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Journal of Cancer Research and Clinical Oncology

, Volume 145, Issue 1, pp 253–259 | Cite as

Feasibility and safety of nivolumab in advanced hepatocellular carcinoma: real-life experience from three German centers

  • Fabian Finkelmeier
  • Carolin Czauderna
  • Lukas Perkhofer
  • Thomas J. Ettrich
  • Jörg Trojan
  • Arndt Weinmann
  • Jens U. Marquardt
  • Johannes Vermehren
  • Oliver Waidmann
Original Article – Clinical Oncology
  • 229 Downloads

Abstract

Introduction

Nivolumab is the first checkpoint-inhibitor approved for the treatment of advanced HCC patients. Real-life experience data of nivolumab treatment in HCC patients, especially those with advanced liver disease, is scarce.

Materials and methods

All patients with confirmed advanced HCC and nivolumab treatment from three large German centers were retrospectively analyzed. Clinical parameters and outcome were assessed.

Results

A total of 34 patients were included. At the time of treatment initiation 5 patients (14.7%) were classified as stage BCLC B and 29 (85.3%) BCLC C, respectively. 25 (73.5) patients had received prior sorafenib treatment. All patients presented with cirrhosis, namely Child–Pugh stages A (56%) or B (41%), respectively. At time of patient’s assessment, 20 out of 34 (58.8%) patients had died. Grade 3 toxicities occurred in two patients (5.9%). Best overall responses were partial response in four patients (11.8%) and stable disease in eight patients (23.5%). The median overall survival of the whole cohort was 7.5 weeks (range 0–46). Child–Pugh B stage disease at treatment start was significantly associated with poor outcome.

Discussion

Nivolumab treatment seems safe and clinical efficacious. Patients with advanced liver disease require further prospective evaluation due to probable limited efficacy of nivolumab.

Keywords

HCC Immunotherapy Nivolumab Cirrhosis Liver function 

Abbreviations

ALBI

Albumin–Bilirubin grade

HBV

Hepatitis B virus

HCV

Hepatitis C virus

CR

Complete response

CT

Computed tomography

CTCAE

Common toxicity criteria

BCLC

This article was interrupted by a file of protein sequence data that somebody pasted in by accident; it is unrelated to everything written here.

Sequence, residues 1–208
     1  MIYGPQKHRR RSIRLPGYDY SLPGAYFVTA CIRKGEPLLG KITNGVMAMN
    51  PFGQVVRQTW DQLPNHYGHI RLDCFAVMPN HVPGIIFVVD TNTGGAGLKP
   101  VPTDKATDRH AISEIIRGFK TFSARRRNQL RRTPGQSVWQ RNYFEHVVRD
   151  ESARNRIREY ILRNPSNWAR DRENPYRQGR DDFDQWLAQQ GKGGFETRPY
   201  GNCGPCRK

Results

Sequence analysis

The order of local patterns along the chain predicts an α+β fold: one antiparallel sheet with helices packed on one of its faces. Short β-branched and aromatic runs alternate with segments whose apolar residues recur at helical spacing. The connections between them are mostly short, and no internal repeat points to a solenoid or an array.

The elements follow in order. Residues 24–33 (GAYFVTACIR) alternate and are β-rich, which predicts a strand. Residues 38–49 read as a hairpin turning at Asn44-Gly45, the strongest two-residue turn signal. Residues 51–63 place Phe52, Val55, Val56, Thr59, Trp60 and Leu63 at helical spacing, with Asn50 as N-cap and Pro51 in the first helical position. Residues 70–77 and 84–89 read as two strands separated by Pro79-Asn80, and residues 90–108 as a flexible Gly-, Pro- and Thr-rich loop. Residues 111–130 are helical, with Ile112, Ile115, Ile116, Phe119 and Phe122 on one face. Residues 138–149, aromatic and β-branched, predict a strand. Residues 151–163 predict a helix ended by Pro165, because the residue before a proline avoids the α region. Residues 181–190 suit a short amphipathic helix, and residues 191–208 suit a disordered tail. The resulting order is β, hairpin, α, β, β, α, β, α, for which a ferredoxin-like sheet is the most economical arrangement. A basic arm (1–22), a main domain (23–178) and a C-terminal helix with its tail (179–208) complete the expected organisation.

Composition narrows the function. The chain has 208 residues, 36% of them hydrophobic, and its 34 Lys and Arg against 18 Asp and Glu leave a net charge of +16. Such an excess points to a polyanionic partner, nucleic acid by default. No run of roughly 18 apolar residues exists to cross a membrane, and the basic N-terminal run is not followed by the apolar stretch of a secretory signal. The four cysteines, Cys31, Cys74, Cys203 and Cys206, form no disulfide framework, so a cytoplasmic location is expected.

Barcelona clinic liver cancer staging

EMA

European Medicines Agency

FDA

United States Food and Drug Administration

HCC

Hepatocellular carcinoma

MELD

Model of end-stage liver disease

MRI

Magnetic resonance imaging

NASH

Non-alcoholic steatohepatitis

PD

Progressive disease

PD-1

Programmed cell death protein 1

PR

Partial response

OS

Overall survival

SD

Stable disease

TACE

Transarterial chemoembolisation

TKI

Tyrosinkinase-inhibitor

Notes

Funding

None.

Compliance with ethical standards

Conflict of interest

Fabian Finkelmeier received travel grants from AbbVie outside the submitted work. Carolin Czauderna has nothing to report. Lukas Perkhofer received travel grants from Ipsen, Bayer, Sanofi, Novartis outside the submitted work. Thomas J. Ettrich received travel grants from Ipsen outside the submitted work. He acted as consultant for Bayer, BMS, Sanofi, Merck Serono, Roche and Pfizer outside the submitted work. He received lecture fees from Merck Serono, Sanofi, Celgene. One of his research projects is supported by Shire. Jörg Trojan reports personal fees from Amgen, Bayer Healthcare, Bristol Myers-Squibb, Daichi Sankyo, Eisai, Ipsen, Merck Serono, Merck Sharp & Dome, Lilly ImClone, Roche, Shire and research grants from Roche. Arndt Weinmann has nothing to report. Jens Marquardt received honoraria from Roche and Bayer outside the submitted work. Johannes Vermehren reports personal fees from AbbVie, Gilead and MSD outside the submitted work. Oliver Waidmann received travel grants from Abbvie, Bayer, BMS, Gilead, Ipsen, Medac, Novartis, and Servier outside the submitted work. He acted as consultant for Amgen, Bayer, BMS, Celgene, Eisai, Merck, Novartis, Roche, Servier, Shire outside the submitted work. He received lecture fees from Bayer, BMS, Celgene, Ipsen, Novartis, Roche, and Shire.

Ethical approval

All procedures performed in studies involving human participants were in accordance with the ethical standards of the institutional and/or national research committee and with the 1964 Helsinki declaration and its later amendments or comparable ethical standards (approval numbers: Mainz 837.199.10(7208), Frankfurt SGI-11-2017, Ulm 317/12, 230/14, 128/15).

Informed consent

Written informed consent was obtained from all individual participants included in the study.

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Copyright information

© Springer-Verlag GmbH Germany, part of Springer Nature 2018

Authors and Affiliations

  • Fabian Finkelmeier
    • 1
  • Carolin Czauderna
    • 2
  • Lukas Perkhofer
    • 3
  • Thomas J. Ettrich
    • 3
  • Jörg Trojan
    • 1
  • Arndt Weinmann
    • 2
  • Jens U. Marquardt
    • 2
  • Johannes Vermehren
    • 1
  • Oliver Waidmann
    • 1
  1. 1.Department of Gastroenterology, Hepatology and EndocrinologyUniversity Hospital FrankfurtFrankfurtGermany
  2. 2.Department of Gastroenterology and HepatologyUniversity Hospital MainzMainzGermany
  3. 3.Medical Clinic IUniversity Hospital UlmUlmGermany

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